Enable Migrations Visual Studio For Mac


At some point, I have to enable EF migrations. The tutorial says: Go to View - Other Windows - Package Manager Console. Unfortunately there is no Package Manager Console in Visual Studio for Mac. So how do you handle things like enable-migrations, add-migration or update-database on the Mac? Visual Studio for Mac.NET. Enable Migrations Breaks MVC EF Scaffolding. Closed - Lower Priority visual studio 2017 version 15.7windows.

  1. Download Visual Studio Code for macOS.
  2. Double-click on the downloaded archive to expand the contents.
  3. Drag Visual Studio Code.app to the Applications folder, making it available in the Launchpad.
  4. Add VS Code to your Dock by right-clicking on the icon to bring up the context menu and choosing Options, Keep in Dock.

Launching from the command line

You can also run VS Code from the terminal by typing 'code' after adding it to the path:

  • Launch VS Code.
  • Open the Command Palette (F1) and type 'shell command' to find the Shell Command: Install 'code' command in PATH command.
  • Restart the terminal for the new $PATH value to take effect. You'll be able to type 'code .' in any folder to start editing files in that folder.

Note: If you still have the old code alias in your .bash_profile (or equivalent) from an early VS Code version, remove it and replace it by executing the Shell Command: Install 'code' command in PATH command.

To manually add VS Code to your path, you can run the following commands:

Start a new terminal to pick up your .bash_profile changes.

Note: The leading slash is required to prevent $PATH from expanding during the concatenation. Remove the leading slash if you want to run the export command directly in a terminal.

Touch Bar support

Out of the box VS Code adds actions to navigate in editor history as well as the full Debug tool bar to control the debugger on your Touch Bar:

Mojave privacy protections

After upgrading to macOS Mojave version, you may see dialogs saying 'Visual Studio Code would like to access your {calendar/contacts/photos}.' This is due to the new privacy protections in Mojave and is not specific to VS Code. The same dialogs may be displayed when running other applications as well. The dialog is shown once for each type of personal data and it is fine to choose Don't Allow since VS Code does not need access to those folders. You can read a more detailed explanation in this blog post.


VS Code ships monthly releases and supports auto-update when a new release is available. If you're prompted by VS Code, accept the newest update and it will get installed (you won't need to do anything else to get the latest bits).

Note: You can disable auto-update if you prefer to update VS Code on your own schedule.

Preferences menu

You can configure VS Code through settings, color themes, and custom keybindings and you will often see mention of the File > Preferences menu group. On a macOS, the Preferences menu group is under Code, not File.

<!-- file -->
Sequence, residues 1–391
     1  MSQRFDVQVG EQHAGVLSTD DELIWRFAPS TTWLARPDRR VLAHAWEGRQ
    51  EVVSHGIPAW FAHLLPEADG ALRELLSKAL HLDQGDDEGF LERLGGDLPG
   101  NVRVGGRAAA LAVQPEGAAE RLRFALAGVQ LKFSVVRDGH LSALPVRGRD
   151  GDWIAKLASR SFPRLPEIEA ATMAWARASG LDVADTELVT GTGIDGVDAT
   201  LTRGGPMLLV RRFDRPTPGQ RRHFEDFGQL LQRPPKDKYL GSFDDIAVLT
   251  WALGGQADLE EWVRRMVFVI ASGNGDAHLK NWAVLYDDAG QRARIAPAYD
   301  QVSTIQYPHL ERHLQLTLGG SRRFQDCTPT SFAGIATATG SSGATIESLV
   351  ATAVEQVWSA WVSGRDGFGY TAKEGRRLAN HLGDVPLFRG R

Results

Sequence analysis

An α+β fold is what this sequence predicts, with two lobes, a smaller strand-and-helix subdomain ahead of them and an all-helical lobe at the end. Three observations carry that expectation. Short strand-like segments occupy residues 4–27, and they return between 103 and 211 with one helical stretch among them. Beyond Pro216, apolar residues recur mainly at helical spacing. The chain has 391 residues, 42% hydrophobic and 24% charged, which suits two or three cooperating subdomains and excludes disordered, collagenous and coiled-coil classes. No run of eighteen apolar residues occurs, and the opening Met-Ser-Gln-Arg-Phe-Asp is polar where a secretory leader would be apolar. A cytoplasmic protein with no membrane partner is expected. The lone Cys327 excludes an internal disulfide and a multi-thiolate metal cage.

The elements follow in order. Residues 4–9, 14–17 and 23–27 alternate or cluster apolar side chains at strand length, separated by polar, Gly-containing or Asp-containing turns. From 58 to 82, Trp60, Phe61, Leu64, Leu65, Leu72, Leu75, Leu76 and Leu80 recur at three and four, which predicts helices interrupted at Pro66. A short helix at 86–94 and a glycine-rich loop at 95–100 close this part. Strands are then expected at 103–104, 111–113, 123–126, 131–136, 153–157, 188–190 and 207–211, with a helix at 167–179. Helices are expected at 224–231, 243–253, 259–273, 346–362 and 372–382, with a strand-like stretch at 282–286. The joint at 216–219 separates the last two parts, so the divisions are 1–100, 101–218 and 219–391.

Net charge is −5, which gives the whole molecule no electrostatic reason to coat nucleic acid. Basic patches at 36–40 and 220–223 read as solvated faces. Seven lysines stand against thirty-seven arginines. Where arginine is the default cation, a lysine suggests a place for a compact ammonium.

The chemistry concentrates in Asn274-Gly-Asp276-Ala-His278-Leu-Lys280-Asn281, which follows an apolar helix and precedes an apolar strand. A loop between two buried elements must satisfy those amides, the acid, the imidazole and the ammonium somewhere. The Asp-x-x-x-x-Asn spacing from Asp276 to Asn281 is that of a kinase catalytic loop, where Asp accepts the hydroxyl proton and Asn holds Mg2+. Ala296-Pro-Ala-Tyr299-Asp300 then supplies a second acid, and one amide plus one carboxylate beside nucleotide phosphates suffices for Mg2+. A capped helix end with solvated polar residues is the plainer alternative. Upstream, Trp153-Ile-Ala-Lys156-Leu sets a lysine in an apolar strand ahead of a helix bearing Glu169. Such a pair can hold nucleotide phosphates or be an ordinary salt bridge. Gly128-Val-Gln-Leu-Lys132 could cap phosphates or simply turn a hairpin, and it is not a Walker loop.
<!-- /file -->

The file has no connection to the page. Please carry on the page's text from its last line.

Next steps

Once you have installed VS Code, these topics will help you learn more about VS Code:

  • Additional Components - Learn how to install Git, Node.js, TypeScript, and tools like Yeoman.
  • User Interface - A quick orientation around VS Code.
  • User/Workspace Settings - Learn how to configure VS Code to your preferences settings.

Common questions

Unable to open on macOS Catalina

After downloading, when you try to open VS Code on macOS Catalina, you may see a message 'Visual Studio Code' can't be opened because Apple cannot check it for malicious software'. This is because VS Code is not currently notarized but VS Code will run successfully on macOS Catalina.

To workaround the notarization check, follow the instructions to Open a Mac app from an unidentified developer or from the Apple menu, go to System Preferences > Security & Privacy > General and choose Open Anyway.

Why do I see 'Visual Studio Code would like access to your calendar.'

If you are running macOS Mojave version, you may see dialogs saying 'Visual Studio Code would like to access your {calendar/contacts/photos}.' This is due to the new privacy protections in Mojave discussed above. It is fine to choose Don't Allow since VS Code does not need access to those folders.

VS Code fails to update

If VS Code doesn't update once it restarts, it might be set under quarantine by macOS. Follow the steps in this issue for resolution.


In this tutorial, you start using the EF Core migrations feature for managing data model changes. In later tutorials, you'll add more migrations as you change the data model.

In this tutorial, you:

  • Learn about migrations
  • Change the connection string
  • Create an initial migration
  • Examine Up and Down methods
  • Learn about the data model snapshot
  • Apply the migration


About migrations

When you develop a new application, your data model changes frequently, and each time the model changes, it gets out of sync with the database. You started these tutorials by configuring the Entity Framework to create the database if it doesn't exist. Then each time you change the data model -- add, remove, or change entity classes or change your DbContext class -- you can delete the database and EF creates a new one that matches the model, and seeds it with test data.

This method of keeping the database in sync with the data model works well until you deploy the application to production. When the application is running in production it's usually storing data that you want to keep, and you don't want to lose everything each time you make a change such as adding a new column. The EF Core Migrations feature solves this problem by enabling EF to update the database schema instead of creating a new database.

To work with migrations, you can use the Package Manager Console (PMC) or the CLI. These tutorials show how to use CLI commands. Information about the PMC is at the end of this tutorial.